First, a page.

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Gait Posture. 2007 Feb;25(2):279-88. Epub 2006 Jul 3.

A biomechanical study of gait initiation in Huntington's disease.

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  • 1Department of Neurology and Movement Disorders, Salengro Hospital, Lille University Medical Centre, F-59037 Lille Cedex, France.



Akinesia in basal ganglia disorders is essentially defined by delayed movement initiation; the reaction time increases and it becomes difficult (or even impossible) for the subject to initiate movement. A biomechanical study of gait initiation would help evaluate the role of akinesia in early stage Huntington's disease (HD) patients.


We recorded kinematic, spatiotemporal and angular parameters (using video motion analysis, a force platform and an optoelectronic system) for the first two steps taken by 15 HD patients and 15 gender- and age-matched controls. In order to evaluate the influence of an external cue on gait initiation parameters, we studied two movement paradigms: self-triggered initiation and initiation triggered (cued) by a "beep" sound. We analyzed kinematic, spatiotemporal (the speed, length and duration of the two first steps) and angular parameters (range of joint angles) as well as kinetic data (the trajectory of the centre of pressure (COP); the speed and trajectory of the centre of mass (COM)).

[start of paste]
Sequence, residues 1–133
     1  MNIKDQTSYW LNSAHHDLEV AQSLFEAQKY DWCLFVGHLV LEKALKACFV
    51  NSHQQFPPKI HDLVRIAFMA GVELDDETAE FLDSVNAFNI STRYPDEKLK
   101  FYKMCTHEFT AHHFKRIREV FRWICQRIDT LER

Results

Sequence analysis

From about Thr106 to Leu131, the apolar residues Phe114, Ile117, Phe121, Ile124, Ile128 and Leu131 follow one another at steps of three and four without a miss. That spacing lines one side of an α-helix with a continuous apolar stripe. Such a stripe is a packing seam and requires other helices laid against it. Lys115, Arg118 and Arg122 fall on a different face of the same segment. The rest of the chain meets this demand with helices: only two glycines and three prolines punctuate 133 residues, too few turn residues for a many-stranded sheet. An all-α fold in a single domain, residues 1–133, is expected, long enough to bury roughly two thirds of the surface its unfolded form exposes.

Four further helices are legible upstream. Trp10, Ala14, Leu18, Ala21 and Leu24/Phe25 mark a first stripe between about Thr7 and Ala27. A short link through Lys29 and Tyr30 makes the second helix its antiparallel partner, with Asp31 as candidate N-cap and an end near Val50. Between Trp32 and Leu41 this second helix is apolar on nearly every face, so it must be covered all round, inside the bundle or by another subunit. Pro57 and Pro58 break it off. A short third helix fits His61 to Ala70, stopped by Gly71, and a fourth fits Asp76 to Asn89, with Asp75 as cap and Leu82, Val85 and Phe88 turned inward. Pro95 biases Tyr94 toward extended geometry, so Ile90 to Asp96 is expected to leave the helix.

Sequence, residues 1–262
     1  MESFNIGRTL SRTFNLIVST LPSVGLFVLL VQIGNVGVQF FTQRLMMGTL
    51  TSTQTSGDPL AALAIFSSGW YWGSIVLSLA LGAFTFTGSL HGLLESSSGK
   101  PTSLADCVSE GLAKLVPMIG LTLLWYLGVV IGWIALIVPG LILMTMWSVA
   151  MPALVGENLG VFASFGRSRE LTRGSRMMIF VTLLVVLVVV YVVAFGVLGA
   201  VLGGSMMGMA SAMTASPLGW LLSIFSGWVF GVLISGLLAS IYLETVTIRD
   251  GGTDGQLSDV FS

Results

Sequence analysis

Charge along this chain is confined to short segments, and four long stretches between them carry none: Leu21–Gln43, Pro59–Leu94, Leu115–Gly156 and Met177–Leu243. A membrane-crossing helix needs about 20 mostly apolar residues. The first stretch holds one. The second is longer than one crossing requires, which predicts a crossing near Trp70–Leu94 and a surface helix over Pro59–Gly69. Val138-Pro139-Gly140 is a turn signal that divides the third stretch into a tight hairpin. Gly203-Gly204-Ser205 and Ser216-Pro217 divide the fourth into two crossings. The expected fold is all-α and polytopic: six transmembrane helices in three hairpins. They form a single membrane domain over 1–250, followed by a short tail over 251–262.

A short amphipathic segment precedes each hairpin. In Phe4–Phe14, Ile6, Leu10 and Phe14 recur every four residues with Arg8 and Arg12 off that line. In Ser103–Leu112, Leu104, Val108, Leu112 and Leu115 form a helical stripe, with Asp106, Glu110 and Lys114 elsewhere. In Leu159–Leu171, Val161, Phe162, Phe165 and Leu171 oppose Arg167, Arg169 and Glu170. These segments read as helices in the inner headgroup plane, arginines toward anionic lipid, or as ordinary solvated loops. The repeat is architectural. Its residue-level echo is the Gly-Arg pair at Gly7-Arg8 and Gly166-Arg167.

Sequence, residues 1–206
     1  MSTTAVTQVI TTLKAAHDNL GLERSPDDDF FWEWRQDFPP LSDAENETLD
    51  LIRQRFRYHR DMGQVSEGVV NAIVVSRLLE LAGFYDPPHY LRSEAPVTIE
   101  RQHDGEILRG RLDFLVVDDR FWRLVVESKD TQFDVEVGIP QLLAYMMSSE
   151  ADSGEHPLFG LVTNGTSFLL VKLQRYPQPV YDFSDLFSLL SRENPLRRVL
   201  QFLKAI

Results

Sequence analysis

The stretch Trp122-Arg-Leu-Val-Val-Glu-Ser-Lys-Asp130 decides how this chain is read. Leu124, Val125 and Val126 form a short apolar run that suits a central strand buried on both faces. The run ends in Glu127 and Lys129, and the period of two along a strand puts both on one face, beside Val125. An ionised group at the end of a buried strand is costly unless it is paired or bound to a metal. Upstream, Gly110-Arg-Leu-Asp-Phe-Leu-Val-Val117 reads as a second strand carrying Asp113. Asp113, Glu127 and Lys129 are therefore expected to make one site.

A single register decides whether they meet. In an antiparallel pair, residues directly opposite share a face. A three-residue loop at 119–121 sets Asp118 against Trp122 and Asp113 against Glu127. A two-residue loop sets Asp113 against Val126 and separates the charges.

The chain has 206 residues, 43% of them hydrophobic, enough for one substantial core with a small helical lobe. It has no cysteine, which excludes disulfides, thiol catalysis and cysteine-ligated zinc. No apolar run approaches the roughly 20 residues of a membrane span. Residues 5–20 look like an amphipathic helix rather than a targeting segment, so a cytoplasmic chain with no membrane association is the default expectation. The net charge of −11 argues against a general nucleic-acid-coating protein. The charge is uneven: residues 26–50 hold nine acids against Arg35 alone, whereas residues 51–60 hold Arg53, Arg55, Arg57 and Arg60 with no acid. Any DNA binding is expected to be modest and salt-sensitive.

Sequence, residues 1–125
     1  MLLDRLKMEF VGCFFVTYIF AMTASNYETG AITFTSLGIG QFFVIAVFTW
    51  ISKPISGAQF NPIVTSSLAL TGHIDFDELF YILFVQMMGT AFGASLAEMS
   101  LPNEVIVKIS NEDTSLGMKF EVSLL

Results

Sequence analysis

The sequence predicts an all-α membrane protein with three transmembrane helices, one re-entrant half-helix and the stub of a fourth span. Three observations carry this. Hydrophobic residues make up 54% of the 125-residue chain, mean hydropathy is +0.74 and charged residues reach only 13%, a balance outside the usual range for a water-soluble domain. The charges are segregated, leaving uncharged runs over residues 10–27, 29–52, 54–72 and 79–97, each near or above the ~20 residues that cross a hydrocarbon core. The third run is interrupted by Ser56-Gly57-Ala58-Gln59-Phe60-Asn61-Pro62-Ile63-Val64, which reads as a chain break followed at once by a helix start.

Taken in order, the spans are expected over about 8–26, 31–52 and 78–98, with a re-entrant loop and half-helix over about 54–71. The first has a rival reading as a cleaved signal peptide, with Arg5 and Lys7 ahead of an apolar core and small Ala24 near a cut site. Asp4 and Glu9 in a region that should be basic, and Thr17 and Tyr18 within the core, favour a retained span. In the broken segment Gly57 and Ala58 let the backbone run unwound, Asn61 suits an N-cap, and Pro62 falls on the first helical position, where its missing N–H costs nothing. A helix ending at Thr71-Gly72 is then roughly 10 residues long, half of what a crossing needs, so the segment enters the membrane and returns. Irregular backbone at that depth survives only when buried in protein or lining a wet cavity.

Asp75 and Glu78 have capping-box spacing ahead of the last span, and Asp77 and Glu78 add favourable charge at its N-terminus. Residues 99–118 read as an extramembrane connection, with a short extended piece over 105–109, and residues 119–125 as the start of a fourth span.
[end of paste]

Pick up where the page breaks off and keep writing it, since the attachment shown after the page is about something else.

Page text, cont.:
HD patients presented akinesia in both externally triggered and self-triggered conditions. Patients had more difficulties with self-triggered gait than with triggered gait. In HD, anticipatory postural adjustments (APAs) were more impaired in self-triggered gait initiation than in cued initiation. Indeed, an alteration in the kinetic parameters revealed a reduction in first step speed in both conditions. Hypokinesia (as assessed by a reduction in the range of angle joints) played an important role in this reduction.


Akinesia is a major feature of impaired gait initiation in HD. The deficiencies in self-triggered initiation in HD seen here fit with a hypothesis whereby deficient internal cueing can be replaced by an external trigger.

[PubMed - indexed for MEDLINE]
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